I met Snowden in Moscow almost seven years ago, in December 2014. It was about a year and a half since he had turned whistleblower, disgusted by his government’s indiscriminate mass surveillance of its own citizens. He had made his great escape in May 2013, and was slowly getting used to life as a fugitive. Daniel Ellsberg (of the Pentagon Papers), John Cusack (of John Cusack) and I travelled to Moscow to meet him. For three days, we holed up in a hotel room with the icy Russian winter pressing against the windowpanes, speaking of surveillance and spying. How far would it go? Where would it take us? Who would we become?
When news of the Pegasus project broke, I went back and looked at the transcript of our recorded conversation. It ran into a few hundred pages. It made my hair stand on end. Snowden, barely into his thirties then, was grimly prophetic: “The technology cannot be rolled back, technology is not going anywhere … it is going to be cheaper, it is going to be more effective, it is going to be more available. If we do nothing, we sort of sleepwalk into a total surveillance state where we have both a super state that has unlimited capacity to apply force with an unlimited ability to know and [therefore be able to] target [that] force – and that’s a very dangerous combination … This is the direction of the future.”
In other words, we are headed towards being governed by states that know everything there is to know about people, and about which people know less and less. That asymmetry can only lead in one direction. Malignancy. And the end of democracy.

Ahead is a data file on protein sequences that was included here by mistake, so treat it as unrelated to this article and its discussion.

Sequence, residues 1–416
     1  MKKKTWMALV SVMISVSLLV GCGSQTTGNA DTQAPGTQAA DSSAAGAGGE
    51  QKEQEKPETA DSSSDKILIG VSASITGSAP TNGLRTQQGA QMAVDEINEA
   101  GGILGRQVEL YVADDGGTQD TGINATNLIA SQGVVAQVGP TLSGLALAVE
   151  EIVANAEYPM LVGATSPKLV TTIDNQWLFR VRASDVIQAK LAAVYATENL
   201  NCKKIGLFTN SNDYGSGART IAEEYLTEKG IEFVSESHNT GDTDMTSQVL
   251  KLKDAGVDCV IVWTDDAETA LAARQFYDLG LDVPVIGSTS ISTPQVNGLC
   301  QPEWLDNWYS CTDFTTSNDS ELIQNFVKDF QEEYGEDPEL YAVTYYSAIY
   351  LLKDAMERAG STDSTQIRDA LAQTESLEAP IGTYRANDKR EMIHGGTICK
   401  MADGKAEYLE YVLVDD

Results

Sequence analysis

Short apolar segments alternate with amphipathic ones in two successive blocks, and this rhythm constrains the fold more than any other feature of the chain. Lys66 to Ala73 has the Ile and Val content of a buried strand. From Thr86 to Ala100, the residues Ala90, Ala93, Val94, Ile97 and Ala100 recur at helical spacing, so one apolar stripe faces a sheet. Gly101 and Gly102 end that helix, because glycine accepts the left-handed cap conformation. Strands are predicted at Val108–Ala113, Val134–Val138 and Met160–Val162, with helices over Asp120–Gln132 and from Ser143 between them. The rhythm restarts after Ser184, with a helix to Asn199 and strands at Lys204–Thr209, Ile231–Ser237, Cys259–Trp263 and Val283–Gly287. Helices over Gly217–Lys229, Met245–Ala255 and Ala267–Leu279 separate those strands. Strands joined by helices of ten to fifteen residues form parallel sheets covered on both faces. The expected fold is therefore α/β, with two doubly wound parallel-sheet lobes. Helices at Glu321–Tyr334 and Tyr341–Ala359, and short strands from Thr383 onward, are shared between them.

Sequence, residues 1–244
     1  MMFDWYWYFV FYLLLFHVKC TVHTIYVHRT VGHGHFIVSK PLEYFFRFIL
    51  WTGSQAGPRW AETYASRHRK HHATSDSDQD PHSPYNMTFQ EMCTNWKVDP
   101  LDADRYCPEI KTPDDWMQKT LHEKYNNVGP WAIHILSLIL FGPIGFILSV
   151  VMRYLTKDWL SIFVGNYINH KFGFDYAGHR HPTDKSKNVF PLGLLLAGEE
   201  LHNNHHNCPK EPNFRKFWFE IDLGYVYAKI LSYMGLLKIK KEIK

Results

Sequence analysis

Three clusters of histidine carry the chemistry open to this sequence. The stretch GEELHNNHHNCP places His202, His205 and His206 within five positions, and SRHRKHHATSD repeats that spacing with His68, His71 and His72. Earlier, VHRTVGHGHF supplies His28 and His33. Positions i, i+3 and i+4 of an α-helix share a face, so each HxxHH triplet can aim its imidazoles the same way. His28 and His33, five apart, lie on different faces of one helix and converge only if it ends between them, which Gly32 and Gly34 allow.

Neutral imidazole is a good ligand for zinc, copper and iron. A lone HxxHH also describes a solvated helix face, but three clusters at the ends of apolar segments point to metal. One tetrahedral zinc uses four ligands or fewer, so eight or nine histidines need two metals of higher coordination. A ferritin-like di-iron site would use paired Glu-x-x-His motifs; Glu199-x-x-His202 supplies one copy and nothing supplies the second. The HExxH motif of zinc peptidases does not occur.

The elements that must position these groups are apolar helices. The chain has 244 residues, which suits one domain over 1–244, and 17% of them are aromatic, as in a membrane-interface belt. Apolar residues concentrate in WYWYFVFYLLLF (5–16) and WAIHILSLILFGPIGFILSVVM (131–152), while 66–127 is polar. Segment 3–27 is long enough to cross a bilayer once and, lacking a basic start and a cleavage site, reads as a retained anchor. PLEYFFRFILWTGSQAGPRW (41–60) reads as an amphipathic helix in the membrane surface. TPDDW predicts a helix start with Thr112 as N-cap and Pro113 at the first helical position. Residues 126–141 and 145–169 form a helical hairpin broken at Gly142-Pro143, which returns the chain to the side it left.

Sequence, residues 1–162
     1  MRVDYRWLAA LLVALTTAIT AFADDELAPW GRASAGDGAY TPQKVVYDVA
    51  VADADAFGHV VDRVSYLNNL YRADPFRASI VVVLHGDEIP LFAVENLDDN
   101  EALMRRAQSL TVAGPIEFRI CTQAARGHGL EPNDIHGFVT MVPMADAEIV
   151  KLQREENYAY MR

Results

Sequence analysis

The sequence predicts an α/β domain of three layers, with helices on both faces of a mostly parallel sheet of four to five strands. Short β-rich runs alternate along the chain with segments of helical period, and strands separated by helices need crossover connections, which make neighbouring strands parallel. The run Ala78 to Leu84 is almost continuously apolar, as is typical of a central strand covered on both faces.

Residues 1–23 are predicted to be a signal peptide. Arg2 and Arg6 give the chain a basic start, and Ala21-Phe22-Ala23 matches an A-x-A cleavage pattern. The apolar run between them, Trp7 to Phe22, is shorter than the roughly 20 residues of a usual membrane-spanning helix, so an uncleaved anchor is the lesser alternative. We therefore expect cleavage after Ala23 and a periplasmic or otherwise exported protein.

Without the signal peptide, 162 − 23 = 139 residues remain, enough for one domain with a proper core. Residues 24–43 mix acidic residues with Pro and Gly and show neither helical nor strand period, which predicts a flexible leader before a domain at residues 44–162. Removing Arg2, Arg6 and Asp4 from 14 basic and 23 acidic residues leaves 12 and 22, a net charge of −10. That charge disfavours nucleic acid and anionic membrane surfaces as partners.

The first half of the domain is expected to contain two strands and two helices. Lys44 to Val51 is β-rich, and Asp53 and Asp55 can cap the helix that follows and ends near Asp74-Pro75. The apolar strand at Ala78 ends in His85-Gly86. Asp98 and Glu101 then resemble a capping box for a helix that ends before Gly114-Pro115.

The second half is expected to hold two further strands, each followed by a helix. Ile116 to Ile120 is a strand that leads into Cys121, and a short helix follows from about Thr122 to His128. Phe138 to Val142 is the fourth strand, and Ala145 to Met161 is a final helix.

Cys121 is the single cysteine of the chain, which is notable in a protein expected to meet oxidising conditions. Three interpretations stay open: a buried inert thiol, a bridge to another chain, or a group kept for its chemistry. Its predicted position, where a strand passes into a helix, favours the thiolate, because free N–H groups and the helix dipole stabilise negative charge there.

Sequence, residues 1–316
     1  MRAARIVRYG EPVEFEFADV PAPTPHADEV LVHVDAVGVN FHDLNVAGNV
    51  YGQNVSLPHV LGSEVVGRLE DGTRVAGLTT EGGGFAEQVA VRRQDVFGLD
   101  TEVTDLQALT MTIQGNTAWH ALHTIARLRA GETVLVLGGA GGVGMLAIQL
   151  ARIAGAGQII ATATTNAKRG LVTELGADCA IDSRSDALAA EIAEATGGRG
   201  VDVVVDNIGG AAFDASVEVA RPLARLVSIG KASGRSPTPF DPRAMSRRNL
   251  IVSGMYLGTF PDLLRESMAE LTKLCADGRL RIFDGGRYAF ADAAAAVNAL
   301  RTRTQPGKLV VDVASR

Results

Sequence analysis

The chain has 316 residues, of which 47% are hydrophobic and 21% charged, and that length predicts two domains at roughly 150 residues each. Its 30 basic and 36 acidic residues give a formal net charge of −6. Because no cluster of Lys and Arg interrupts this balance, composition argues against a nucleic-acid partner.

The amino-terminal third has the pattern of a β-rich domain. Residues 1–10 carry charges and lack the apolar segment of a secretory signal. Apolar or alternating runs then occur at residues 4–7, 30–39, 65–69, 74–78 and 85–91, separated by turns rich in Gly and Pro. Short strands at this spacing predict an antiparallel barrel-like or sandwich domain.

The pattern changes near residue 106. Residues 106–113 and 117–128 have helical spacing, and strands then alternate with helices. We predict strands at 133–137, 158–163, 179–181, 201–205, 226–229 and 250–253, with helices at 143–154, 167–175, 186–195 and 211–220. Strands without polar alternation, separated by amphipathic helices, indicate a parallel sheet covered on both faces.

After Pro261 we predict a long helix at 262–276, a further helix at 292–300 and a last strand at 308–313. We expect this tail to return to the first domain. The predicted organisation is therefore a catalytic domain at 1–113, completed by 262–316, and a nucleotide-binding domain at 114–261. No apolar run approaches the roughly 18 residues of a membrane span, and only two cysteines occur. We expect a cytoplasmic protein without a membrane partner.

Snowden is right. The technology cannot be rolled back. But it needn’t be allowed to function as an unregulated, legitimate industry, reeling in profits, blossoming and flowering on the pulsing transcontinental highways of the free market. It needs to be legislated against. Driven underground. The technology may exist, the industry needn’t.
So, where does that leave us? Back in the world of good, old-fashioned politics, I’d say. Only political action can halt or mitigate this threat. Because that technology, when it is used, if not legally then illegally, will always exist within the complicated matrix that describes our times: nationalism, capitalism, imperialism, colonialism, racism, casteism, sexism. This will remain our battlefield – regardless of how technology develops.
We will have to migrate back to a world in which we are not controlled and dominated by our intimate enemy – our mobile phones. We have to try to rebuild our lives, struggles and social movements outside the asphyxiating realm of digital surveillance. We must dislodge the regimes that are deploying it against us. We must do everything we can to prise open their grip on the levers of power, everything we can to mend all that they have broken, and take back all they have stolen.